Fighting with the one you love can leave you broken-hearted, a feeling that now appears to be more than just figurative.
A study in December found wounds heal more slowly in people who fight with their spouses.
In the new study, researchers did CT scans of 150 healthy married couples, mostly in their 60s. Then they had the couple discuss a topic for six minutes, during which time some of them argued or made disparaging remarks.
Hardening of the arteries is more likely in women when they and their husbands express hostility during marital disagreements, the scientists conclude. And it is more common in men when either they or their wives act in a controlling manner.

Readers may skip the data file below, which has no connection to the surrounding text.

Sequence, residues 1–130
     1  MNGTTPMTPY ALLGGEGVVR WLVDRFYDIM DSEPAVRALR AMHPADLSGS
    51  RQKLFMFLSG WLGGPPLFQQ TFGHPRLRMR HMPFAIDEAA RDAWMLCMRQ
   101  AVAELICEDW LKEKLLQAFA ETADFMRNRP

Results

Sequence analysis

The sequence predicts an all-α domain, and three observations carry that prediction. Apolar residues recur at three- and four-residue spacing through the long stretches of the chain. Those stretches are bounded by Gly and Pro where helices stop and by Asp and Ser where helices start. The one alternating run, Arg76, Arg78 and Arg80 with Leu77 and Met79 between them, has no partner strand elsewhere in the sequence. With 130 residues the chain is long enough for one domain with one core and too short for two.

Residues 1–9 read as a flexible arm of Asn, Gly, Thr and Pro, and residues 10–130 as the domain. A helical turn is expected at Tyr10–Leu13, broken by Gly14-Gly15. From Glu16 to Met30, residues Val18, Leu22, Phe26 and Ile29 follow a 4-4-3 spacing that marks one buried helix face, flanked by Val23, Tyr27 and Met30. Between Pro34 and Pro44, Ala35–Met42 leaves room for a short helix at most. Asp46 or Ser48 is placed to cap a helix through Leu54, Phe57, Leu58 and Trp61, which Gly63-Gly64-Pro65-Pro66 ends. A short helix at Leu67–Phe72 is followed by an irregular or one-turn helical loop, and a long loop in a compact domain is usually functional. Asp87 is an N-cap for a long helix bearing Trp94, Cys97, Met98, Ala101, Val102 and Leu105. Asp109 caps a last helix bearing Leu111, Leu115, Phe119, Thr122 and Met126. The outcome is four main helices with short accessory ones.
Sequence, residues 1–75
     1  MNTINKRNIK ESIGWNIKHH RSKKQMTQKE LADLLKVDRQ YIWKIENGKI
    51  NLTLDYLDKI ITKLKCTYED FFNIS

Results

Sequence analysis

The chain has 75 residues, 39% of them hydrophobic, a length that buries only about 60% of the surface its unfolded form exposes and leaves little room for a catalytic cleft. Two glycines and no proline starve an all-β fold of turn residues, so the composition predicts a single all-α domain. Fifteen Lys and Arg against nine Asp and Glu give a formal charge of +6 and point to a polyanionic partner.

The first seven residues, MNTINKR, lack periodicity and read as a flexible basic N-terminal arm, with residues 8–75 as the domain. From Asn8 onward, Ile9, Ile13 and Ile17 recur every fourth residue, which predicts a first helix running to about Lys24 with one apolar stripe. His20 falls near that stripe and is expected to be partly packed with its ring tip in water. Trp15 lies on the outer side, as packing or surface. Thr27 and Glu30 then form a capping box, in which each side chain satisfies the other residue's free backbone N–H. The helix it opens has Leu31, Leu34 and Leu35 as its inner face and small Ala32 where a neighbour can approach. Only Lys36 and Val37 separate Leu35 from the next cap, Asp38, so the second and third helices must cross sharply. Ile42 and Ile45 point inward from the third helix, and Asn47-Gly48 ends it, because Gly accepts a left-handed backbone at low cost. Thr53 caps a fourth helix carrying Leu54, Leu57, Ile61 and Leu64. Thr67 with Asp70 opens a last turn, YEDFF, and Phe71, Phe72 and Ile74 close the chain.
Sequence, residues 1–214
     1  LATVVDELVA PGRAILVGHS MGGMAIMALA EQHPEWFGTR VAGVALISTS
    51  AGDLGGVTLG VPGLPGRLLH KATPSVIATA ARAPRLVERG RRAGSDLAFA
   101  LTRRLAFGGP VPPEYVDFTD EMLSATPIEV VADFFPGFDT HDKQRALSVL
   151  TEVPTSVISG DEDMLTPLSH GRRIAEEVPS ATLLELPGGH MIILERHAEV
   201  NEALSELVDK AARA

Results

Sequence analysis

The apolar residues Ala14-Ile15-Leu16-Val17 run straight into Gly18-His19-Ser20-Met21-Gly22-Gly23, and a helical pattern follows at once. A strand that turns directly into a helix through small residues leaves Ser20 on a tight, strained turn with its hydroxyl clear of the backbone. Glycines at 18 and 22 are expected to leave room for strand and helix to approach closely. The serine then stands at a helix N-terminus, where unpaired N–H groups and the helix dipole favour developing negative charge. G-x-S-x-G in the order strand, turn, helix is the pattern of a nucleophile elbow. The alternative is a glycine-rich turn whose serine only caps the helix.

"A low-quality relationship is a risk factor for cardiovascular disease," said professor Tim Smith of the University of Utah. Smith planned to present the findings today at the annual meeting of the American Psychosomatic Society.
In the tests, some of the discussions were calm. Others were "quite hostile," Smith and his colleagues report.
One shortcoming of the study is that it assumes the behaviors reflected long-term patterns.
On the other hand, spats in front of scientists might well have been "a muted version of what goes on at home," as Smith speculated.
Particularly high levels of calcification were found in women "who behaved in a hostile and unfriendly way and who were interacting with husbands who were also hostile and unfriendly."
"In couples where there was not a struggle for control — where it wasn't a contest — those men had much lower levels of atherosclerosis," Smith said.
Other factors are likely greater contributors to heart disease, however. Smoking, lack of exercise and bad diet top the list, Smith said.
"But somewhere on the list would be 'Pay attention to your relationships,'" he said.
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